A math teacher alleges he was fired after reporting anti-Semitic harassment from his students.
According to a November lawsuit filed in Newark federal court, Jacob Rabinowitz, a former pre-calculus teacher at St. Joseph Regional High School in Montvale, New Jersey was harassed on his first day of teaching in 2017 when someone had carved a swastika into the chalkboard. Rabinowitz said two other teachers who shared the classroom were aware of the graffiti.
The suit says students threw coins at Rabinowitz when his back was turned “in an obvious reference to Jewish stereotypes” and in addition to the “ever-present” Nazi symbol, they drew swastikas on their desks and a German phrase which translates to “Six million was just the beginning,” about the Jewish population who died under Hitler’s reign.
Rabinowitz alleged a student told the class that his favorite scene in the film Schindler’s List centered on the murder of a Jewish woman, which the teen then acted out.
The administration also discriminated, claimed the 60-year-old teacher. Unlike others who received updated teaching materials such as “Smartboards,” Rabinowitz was apparently given outdated textbooks.
In February, a negative performance review described Rabinowitz’s failings to engage his students. In response, Rabinowitz told principal Michael Bruno about the alleged anti-Semitism, of which he stated Bruno was aware since the principal had personally witnessed the swastika during a previous class observation.
Bruno allegedly responded in a March letter that Rabinowitz’s complaints “seem to be a direct reflection of your inability to manage a classroom” and that Rabinowitz’s students had lodged complaints about their teacher.
“He had a number of things to criticize in his observation, but the swastika on the blackboard behind me was something he failed to notice,” Rabinowitz, who Yahoo Lifestyle could not reach for comment, told the New York Post.
That week, Rabinowitz received a notice of non-renewal. He was allowed to finish the year, but “Everyone was colder to me. I felt like I’d become an outsider,” he told the New York Post.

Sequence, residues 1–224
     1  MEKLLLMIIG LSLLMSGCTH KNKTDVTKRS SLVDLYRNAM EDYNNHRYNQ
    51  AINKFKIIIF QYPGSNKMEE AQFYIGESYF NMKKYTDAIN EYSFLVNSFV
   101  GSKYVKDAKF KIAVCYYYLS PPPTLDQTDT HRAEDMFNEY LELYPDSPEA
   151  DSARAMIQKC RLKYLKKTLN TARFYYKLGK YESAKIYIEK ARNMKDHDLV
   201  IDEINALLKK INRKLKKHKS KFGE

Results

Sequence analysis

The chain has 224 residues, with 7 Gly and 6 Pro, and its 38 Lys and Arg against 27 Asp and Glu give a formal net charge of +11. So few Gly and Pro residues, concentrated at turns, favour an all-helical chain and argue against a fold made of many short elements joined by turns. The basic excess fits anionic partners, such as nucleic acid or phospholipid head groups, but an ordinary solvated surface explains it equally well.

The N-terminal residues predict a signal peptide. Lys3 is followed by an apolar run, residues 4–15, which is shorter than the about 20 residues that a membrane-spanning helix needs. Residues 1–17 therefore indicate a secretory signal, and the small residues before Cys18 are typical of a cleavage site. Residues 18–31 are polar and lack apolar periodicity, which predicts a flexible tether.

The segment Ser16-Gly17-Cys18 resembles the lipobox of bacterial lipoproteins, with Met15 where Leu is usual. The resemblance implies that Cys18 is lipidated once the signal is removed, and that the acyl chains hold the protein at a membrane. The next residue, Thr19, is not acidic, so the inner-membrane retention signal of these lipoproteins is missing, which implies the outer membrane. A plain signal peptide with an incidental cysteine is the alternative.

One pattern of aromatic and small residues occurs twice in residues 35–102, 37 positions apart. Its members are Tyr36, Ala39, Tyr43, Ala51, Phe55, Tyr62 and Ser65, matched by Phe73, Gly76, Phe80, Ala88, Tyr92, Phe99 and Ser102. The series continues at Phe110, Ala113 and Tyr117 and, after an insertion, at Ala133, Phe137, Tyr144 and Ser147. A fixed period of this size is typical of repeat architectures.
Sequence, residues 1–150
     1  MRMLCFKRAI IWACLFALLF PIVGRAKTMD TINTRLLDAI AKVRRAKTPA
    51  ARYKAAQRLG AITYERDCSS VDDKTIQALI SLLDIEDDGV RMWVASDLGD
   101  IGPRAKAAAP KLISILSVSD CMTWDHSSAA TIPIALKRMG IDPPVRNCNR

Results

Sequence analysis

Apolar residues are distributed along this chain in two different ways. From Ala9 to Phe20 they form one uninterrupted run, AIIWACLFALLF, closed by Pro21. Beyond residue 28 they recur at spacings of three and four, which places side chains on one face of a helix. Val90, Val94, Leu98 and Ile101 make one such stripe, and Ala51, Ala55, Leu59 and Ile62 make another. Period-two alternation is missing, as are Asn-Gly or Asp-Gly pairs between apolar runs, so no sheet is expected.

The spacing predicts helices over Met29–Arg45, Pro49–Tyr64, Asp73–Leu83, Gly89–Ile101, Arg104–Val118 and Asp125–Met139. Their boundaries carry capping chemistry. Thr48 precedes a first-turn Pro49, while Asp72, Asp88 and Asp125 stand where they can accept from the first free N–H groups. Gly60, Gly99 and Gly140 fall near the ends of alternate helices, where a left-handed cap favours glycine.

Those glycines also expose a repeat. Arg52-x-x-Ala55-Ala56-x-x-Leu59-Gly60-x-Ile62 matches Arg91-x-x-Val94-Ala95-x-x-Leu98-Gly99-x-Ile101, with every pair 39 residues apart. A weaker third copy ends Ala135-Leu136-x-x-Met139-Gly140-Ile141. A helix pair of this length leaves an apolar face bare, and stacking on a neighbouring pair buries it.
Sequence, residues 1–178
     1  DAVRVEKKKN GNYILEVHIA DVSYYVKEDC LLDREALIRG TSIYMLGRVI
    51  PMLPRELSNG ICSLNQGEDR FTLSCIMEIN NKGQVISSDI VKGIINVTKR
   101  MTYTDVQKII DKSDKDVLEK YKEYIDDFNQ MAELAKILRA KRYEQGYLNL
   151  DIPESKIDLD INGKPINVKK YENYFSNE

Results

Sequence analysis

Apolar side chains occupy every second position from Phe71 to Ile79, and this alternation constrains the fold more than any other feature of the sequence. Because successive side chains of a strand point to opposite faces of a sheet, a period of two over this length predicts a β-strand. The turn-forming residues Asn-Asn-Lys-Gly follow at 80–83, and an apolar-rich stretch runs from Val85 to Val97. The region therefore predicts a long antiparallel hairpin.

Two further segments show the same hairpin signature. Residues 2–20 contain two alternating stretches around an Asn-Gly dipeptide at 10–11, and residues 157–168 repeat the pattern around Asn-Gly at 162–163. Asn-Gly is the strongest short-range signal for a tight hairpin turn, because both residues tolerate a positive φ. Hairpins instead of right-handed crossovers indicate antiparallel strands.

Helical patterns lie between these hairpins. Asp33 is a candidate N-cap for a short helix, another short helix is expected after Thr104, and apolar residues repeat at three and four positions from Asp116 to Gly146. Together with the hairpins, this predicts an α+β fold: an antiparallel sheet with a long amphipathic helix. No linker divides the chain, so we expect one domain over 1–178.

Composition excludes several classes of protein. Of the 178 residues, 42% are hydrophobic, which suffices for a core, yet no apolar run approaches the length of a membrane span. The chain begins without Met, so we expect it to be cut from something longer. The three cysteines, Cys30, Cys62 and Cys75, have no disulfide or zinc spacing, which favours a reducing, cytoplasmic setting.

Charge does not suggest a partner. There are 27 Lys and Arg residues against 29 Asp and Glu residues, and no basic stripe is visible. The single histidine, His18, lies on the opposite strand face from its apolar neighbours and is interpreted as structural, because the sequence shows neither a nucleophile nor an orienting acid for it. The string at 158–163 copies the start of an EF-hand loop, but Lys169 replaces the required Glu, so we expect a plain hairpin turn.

Bruno allegedly ignored Rabinowitz’s request for a meeting with his attorney, but three days later — and only after the swastika was removed — he advised that complaints could be sent to the Archdiocese of Newark Office of Human Resources.
In an email to Yahoo Lifestyle, the Roman Catholic Archdiocese of Newark and St. Joseph’s Regional High School said both were “greatly disturbed” by the lawsuit, and that Rabinowitz’s performance was lacking.
The school says in February 2018, Rabinowitz asked the administration if he should make alternate plans for the following school year. Then, six weeks after that, he reported a “small swastika carved into the chalkboard of his classroom and allegedly anti-Semitic behavior of some students in his class. Despite multiple meetings and communications with his supervisors over the preceding months, Mr. Rabinowitz had never once mentioned these issues.”
The complaint was investigated immediately, according to the school, the swastika was removed and Rabinowitz’s accusations about student behavior were referred to the school disciplinarian. “After an investigation, the students were all warned in no uncertain terms that anti-semitic behavior is a violation of the Student Code of Conduct and is not tolerated at SJR. Mr. Rabinowitz did not complain of any further incidents, suggesting that any offensive behavior had ceased,” the statement continues.
“Solely because of his performance deficiencies identified months earlier, Mr. Rabinowitz was notified on April 1, 2018 (in accordance with the collective bargaining agreement) that his contract would not be renewed for the 2018-19 school year,” the comment details. “Mr. Rabinowitz was not the only teacher whose contract was not renewed.”
In August, Rabinowitz filed a religious discrimination complaint with the Equal Employment Opportunity Commission (EEOC). The school says the EEOC summarily dismissed his complaint two weeks later, stating “‘the EEOC is unable to conclude that the information obtained establishes violations of the statutes.’”
“RCAN and SJR categorically deny all allegations of discrimination, retaliation, and hostile work environment that appear in this lawsuit, and consider the suit completely frivolous,” says the school and Archdiocese of Newark. “They intend to vigorously defend against these horrific allegations and are confident they will be successful.”
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